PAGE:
Traditional culture struggles to find a place at Incheon airport in Seoul, Korea.
Category Archives: Slideshow
The rapidly-growing middle-classes in Asia, for whom old-world brands and cultural icons are often symbols of success and sophistication, would seem to represent a vast new market for the European creative industries. But European entrepreneurs are not exploiting this opportunity as enthusiastically as their Asian peers.
Illegal copying is not only a problem for cultural goods that are distributed in digital form. This street trader is selling what appear to be fakes of paintings by the Scottish artist Jack Vettriano.
A game character in an art exhibition. Online gaming is arguably the leading form of participatory culture, yet few people born before 1980 will have any experience of it.
In the past, nations promoted their culture mainly to enhance their prestige. Now they are appreciating the economic benefits of exporting their cultural goods and services.
The Canadian Cirque du Soleil was founded by busker Guy Laliberté in 1984. Now the Montreal-based company employs some 3,000 people producing five permanent shows in luxury casino resorts around the world, and six troupes touring major cities each year. In 2010, Cirque du Soleil announced a new permanent show for Dubai’s Palm Jumeirah at an estimated construction cost of $150m, after Dubai-based investors Istithmar World Capital and Nakheel each bought a 10% stake in the company.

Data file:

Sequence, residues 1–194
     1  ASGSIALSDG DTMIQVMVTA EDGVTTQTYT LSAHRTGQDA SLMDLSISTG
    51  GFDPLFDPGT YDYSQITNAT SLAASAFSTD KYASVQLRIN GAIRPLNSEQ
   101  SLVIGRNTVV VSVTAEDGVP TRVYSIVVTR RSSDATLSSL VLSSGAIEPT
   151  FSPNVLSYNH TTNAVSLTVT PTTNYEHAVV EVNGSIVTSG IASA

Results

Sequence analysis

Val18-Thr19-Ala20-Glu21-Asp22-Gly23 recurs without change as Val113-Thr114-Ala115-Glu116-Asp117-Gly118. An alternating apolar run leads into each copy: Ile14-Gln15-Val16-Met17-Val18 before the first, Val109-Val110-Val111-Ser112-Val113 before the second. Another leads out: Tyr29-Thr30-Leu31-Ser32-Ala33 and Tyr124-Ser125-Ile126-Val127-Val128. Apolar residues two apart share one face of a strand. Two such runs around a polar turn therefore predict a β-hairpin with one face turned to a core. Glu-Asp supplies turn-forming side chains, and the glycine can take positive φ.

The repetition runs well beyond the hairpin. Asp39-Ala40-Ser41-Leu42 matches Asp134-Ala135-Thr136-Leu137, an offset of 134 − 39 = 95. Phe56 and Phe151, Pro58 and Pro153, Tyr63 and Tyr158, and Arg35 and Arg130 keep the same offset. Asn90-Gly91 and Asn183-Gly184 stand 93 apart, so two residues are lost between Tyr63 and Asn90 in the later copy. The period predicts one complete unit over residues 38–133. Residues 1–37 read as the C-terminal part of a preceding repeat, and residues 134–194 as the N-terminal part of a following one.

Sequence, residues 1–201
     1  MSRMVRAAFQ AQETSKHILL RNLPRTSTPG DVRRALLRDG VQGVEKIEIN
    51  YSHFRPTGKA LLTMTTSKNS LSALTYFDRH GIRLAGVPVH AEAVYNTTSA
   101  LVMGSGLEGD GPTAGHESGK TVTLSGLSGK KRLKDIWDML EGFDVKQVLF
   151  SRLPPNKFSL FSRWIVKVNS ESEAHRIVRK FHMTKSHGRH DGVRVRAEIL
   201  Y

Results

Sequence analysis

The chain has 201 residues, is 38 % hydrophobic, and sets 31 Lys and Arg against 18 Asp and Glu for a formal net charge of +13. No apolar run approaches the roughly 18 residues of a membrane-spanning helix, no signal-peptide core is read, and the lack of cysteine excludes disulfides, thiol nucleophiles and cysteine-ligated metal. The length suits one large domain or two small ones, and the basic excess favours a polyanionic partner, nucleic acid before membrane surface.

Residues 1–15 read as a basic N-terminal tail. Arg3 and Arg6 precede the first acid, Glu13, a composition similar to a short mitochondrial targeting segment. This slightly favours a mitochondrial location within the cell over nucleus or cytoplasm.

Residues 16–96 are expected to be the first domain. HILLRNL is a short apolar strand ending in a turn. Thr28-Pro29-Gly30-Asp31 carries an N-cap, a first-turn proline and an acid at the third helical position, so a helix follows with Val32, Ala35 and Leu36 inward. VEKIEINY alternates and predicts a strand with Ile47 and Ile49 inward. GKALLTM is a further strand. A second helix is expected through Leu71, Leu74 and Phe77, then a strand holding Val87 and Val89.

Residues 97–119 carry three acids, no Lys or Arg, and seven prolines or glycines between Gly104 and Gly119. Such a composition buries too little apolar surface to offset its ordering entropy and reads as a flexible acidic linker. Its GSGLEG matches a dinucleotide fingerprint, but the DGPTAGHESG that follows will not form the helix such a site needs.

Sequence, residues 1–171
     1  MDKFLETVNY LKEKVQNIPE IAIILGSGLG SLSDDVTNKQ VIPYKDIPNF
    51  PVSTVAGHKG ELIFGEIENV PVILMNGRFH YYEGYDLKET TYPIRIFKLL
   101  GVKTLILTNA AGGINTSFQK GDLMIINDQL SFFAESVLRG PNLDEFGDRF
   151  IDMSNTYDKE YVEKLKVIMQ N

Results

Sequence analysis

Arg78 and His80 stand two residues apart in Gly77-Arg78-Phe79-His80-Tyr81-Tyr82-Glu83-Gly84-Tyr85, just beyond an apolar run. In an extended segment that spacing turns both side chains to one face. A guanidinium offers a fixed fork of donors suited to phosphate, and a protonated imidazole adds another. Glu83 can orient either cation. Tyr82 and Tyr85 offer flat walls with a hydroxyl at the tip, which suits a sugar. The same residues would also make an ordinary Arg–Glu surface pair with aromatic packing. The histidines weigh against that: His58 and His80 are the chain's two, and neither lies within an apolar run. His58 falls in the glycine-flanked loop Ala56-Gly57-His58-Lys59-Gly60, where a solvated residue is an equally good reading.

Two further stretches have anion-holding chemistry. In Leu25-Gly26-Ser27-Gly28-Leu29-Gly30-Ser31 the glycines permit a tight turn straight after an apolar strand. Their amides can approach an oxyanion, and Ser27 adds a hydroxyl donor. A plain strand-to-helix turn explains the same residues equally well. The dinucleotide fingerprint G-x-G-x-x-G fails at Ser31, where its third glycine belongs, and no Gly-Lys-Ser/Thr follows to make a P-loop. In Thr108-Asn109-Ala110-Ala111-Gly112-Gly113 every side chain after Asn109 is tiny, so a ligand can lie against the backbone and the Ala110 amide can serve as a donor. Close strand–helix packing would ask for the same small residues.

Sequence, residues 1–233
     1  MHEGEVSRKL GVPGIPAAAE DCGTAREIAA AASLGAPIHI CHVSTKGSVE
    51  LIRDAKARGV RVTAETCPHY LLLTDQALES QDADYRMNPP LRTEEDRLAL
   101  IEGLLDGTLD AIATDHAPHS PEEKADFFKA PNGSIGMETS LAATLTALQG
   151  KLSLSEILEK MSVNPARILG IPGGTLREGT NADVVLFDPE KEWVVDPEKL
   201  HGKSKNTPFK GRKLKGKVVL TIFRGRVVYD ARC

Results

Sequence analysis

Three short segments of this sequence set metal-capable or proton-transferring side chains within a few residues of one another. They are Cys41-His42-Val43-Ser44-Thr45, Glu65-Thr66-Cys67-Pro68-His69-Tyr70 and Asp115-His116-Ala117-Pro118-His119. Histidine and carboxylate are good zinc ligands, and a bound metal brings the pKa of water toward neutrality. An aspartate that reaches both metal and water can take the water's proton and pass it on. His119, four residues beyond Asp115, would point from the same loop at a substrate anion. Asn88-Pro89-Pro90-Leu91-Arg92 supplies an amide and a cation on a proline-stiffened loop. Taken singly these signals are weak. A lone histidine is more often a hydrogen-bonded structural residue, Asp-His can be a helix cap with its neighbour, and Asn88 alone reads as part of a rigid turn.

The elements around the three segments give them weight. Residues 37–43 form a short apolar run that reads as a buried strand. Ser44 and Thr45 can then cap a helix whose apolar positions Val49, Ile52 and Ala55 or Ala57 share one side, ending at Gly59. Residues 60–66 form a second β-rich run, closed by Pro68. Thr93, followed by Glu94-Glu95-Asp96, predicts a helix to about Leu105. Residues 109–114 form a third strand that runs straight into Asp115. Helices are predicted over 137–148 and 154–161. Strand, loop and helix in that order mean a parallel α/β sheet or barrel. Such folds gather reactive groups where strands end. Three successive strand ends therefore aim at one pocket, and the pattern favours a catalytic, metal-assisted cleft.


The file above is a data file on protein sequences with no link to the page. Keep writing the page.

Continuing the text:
The use of cultural images and references (here, the face of Audrey Hepburn) can significantly enhance the value of otherwise mundane products.
In advanced economies, most of the value of a piece of clothing now originates in its design, rather than its manufacture.
Slow food in a Corsican hill village. Rural gastronomy has become part of the core tourism offer in Mediterranean countries. But too much attention from outsiders can sound the death knell for cultural traditions.
A performance on a quayside in Denmark, drawing on an eclectic mix of European arts and entertainment forms. Cities everywhere are competing intensively to be seen as creative places to live, work and visit.
Universal literacy is the key to improving education in developing economies. This represents a significant development challenge for Brazil, with its widely dispersed population (and hence a low level of level of newspaper circulation) and a national language that is not shared by many other countries.